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See detailQuality Analysis Applied On Eddy Covariance Measurements At Complex Forest Sites Using Footprint Modelling
Rebmann, C.; Gockede, M.; Foken, T. et al

in Theoretical and Applied Climatology (2005), 80(2-4),

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See detailCarbon balance gradient in European forests: should we doubt 'surprising' results? A reply to Piovesan & Adams
Jarvis, P. G.; Dolman, A. J.; Schulze, E. D. et al

in Journal of Vegetation Science (2001), 12(1), 145-150

This paper responds to the Forum contribution by Piovesan & Adams (2000) who criticized the results obtained by the EUROFLUX network on carbon fluxes of several European forests. The major point of ... [more ▼]

This paper responds to the Forum contribution by Piovesan & Adams (2000) who criticized the results obtained by the EUROFLUX network on carbon fluxes of several European forests. The major point of criticism was that the data provided by EUROFLUX are inconsistent with current scientific understanding. It is argued that understanding the terrestrial global carbon cycle requires more than simply restating what was known previously, and that Piovesan & Adams have not been able to show any major conflicts between our findings and ecosystem or atmospheric-transport theories. [less ▲]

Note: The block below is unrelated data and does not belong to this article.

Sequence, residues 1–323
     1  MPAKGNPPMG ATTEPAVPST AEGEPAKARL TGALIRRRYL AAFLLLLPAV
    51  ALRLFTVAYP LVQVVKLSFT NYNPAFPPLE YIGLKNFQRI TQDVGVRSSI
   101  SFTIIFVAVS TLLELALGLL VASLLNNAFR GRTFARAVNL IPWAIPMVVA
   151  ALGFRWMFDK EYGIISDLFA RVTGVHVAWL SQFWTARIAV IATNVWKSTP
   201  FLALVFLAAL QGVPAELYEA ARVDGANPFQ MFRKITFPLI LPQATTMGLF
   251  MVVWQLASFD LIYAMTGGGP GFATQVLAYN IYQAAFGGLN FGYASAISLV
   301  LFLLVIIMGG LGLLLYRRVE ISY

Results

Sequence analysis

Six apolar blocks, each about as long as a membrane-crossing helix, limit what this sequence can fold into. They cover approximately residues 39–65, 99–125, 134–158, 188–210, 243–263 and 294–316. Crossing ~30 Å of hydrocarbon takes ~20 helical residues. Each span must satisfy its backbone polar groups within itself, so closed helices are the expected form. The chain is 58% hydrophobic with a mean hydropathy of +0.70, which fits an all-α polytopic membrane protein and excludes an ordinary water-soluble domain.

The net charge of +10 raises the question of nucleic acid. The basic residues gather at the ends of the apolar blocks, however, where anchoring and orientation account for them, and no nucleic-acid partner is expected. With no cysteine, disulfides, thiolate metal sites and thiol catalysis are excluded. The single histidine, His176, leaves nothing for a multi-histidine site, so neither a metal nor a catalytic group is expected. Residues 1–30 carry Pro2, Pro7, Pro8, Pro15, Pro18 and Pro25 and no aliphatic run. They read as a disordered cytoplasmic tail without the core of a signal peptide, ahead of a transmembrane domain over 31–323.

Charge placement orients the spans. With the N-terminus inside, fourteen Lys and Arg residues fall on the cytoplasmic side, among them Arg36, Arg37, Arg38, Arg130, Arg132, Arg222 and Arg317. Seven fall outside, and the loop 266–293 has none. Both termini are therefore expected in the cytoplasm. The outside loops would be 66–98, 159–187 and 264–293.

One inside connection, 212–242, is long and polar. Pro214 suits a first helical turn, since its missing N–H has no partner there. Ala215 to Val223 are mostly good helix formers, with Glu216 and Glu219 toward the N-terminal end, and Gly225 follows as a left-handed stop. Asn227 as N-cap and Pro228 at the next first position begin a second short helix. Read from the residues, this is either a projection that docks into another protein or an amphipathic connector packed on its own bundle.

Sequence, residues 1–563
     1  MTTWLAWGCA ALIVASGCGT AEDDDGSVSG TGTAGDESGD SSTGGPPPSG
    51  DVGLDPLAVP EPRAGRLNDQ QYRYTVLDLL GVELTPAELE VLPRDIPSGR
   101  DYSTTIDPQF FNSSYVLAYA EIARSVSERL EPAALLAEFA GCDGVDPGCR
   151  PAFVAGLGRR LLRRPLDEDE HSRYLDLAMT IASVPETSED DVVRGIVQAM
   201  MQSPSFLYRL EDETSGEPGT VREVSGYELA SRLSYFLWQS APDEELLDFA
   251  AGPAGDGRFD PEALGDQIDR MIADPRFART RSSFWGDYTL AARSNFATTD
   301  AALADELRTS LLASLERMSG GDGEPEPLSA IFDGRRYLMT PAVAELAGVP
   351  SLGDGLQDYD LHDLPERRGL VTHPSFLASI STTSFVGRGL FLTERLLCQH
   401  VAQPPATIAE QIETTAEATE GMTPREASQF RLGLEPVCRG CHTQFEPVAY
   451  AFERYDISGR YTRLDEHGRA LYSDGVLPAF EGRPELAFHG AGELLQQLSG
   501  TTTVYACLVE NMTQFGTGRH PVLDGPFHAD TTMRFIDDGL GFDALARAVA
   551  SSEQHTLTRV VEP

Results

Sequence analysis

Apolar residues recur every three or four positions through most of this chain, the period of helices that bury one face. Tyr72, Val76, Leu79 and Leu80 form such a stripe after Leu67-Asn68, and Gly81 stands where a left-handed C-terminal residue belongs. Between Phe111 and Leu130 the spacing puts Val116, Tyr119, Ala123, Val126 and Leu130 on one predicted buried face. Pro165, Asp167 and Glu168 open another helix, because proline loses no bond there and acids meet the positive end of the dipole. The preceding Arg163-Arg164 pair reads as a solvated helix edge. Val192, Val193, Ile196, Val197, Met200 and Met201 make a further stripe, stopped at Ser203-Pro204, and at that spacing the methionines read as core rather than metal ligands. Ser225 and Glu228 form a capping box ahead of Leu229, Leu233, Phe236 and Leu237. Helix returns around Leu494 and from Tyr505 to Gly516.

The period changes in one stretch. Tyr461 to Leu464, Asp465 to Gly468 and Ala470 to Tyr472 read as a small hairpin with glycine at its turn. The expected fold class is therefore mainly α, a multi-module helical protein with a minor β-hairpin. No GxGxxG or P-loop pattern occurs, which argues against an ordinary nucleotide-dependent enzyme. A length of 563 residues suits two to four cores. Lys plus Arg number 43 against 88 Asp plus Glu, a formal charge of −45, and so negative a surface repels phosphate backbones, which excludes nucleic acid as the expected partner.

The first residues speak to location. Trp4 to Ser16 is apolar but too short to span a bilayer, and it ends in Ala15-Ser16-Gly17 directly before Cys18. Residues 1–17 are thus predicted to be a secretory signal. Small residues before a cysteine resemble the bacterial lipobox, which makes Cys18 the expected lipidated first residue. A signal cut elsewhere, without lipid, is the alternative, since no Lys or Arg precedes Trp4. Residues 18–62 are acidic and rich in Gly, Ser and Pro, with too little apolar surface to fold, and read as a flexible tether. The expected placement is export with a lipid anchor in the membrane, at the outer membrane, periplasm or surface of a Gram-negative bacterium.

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See detailProductivity Overshadows Temperature In Determining Soil And Ecosystem Respiration Across European Forests
Janssens, Ia.; Lankreijer, H.; Matteucci, G. et al

in Global Change Biology (2001), 7(3),

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See detailRespiration As The Main Determinant Of Carbon Balance In European Forests
Valentini, R.; Matteucci, G.; Dolman, Aj. et al

in Nature (2000), 404(6780),

Detailed reference viewed: 38 (4 ULg)